Are Mineral Sunscreens Right For You?

    
    
    So you're packing for another glorious day at the beach, and you grab the same bottle of sunscreen you always use. But maybe you've noticed some slight irritation when using your tried and true sunscreen solution. That could indicate that your skin isn’t reacting well to the chemicals in your sunscreen.
    The next time you go to buy sunscreen, know that you have options beyond the brand. But before exploring your options, let's quickly revisit why you need sunscreen.
 

UV Rays & Broad Spectrum Sunscreens

    The problem is the source of summer happiness: the sun, and the ultraviolet rays radiating from it. There are two types of rays you need protection from:
       1)    UVA: Rays that penetrate deep into the dermis, your skin's thickest layer. Exposure without                         protection can result in photoaging, which is premature skin aging and wrinkling.
        2)    UVB: Rays that burn the surface layers of your skin and have been linked to skin cancer.
    
    So what broad spectrum sunscreen will you choose to protect your skin from the sun’s UV rays?  There are two main options:
        1)    A chemical-based sunscreen
        2)    A physical (or mineral) sunscreen.
        
    If you are wondering what type of sunscreen you're currently using, after completing this article refer to the back of your bottle and see what the active ingredients are.
 

Mineral vs. Chemical Sunscreens

    In 2016, one consumer report found that almost half of the 1,000 sunscreen-using respondents said they look for a natural product when looking for sunscreen. In this case, a “natural” sunscreen refers to a sunscreen that uses minerals instead of chemicals, and these are commonly referred to as “physical,” or “mineral” sunscreens. 
    Mineral sunscreens are classified as “physical sunscreens” because they aren’t absorbed into the skin, but instead, create a physical barrier on the top of the skin. They act as a mirror to deflect harmful UV rays. Unlike chemical sunscreens, which need time to absorb into the skin to offer full protection, mineral sunscreens provide instant protection. The two minerals most commonly found in physical sunscreens are titanium dioxide and zinc oxide.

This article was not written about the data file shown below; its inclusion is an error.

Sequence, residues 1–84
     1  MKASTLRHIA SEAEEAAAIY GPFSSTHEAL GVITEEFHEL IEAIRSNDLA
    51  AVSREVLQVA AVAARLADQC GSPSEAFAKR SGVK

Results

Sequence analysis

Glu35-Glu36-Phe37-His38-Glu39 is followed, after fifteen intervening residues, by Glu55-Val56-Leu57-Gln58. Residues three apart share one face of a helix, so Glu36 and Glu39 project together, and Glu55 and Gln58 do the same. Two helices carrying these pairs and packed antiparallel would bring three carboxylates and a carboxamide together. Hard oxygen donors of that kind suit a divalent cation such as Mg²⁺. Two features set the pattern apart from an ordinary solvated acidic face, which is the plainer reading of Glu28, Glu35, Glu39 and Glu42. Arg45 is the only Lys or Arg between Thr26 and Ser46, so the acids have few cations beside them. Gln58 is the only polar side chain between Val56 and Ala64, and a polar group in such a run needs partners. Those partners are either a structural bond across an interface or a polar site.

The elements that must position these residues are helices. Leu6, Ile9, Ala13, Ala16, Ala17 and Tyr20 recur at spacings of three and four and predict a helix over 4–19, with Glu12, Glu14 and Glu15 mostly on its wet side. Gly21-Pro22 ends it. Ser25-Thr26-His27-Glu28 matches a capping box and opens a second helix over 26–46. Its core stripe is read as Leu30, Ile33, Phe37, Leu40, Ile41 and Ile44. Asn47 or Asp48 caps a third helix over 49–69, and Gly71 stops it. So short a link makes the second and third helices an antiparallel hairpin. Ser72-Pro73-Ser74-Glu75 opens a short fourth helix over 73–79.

Zinc Oxide is often found in diaper rash formula, speaking to its ability to soothe and protect skin. Titanium dioxide, is often found in cosmetic concealers because a thin application provides high opacity.
    Because chemical sunscreens are absorbed into the skin, the real question is how will your skin react to chemicals like oxybenzone, padimate O, avobenzone and homosalate? Mineral sunscreens aren’t absorbed into your skin so they're less likely to irritate it.
 

So which is better?

    There is one small potential draw-back to mineral sunscreens. Because they aren’t absorbed into your skin, they can be washed away or rubbed off more easily, especially when swimming or sweating. So, you may need to re-apply more frequently than a chemical sunscreen.
    In the pursuit of having protection from the sun’s UV rays while being comfortable in your skin - the biggest outstanding question is: do these mineral sunscreens work as well as chemical sunscreens?
    Per the Personal Care Products Council, there’s no difference in performance between chemical and mineral active ingredients. So it's not a matter of which kind is going to keep your skin safe from the sun – both kinds will.
 

It’s Up to You

    It all depends on how your skin reacts to sunscreens. If you have found that sunscreen tends to irritate your skin, chances are you’re using a chemical sunscreen. Since there is no evidence proving a difference in efficacy between chemical and mineral sunscreens, it is probably worth giving a mineral sunscreen a try. Any solution that can protect your skin from the sun's damaging rays without upsetting your skin is worth trying. 
 
Learn more about defending your skin during the summer by clicking here.

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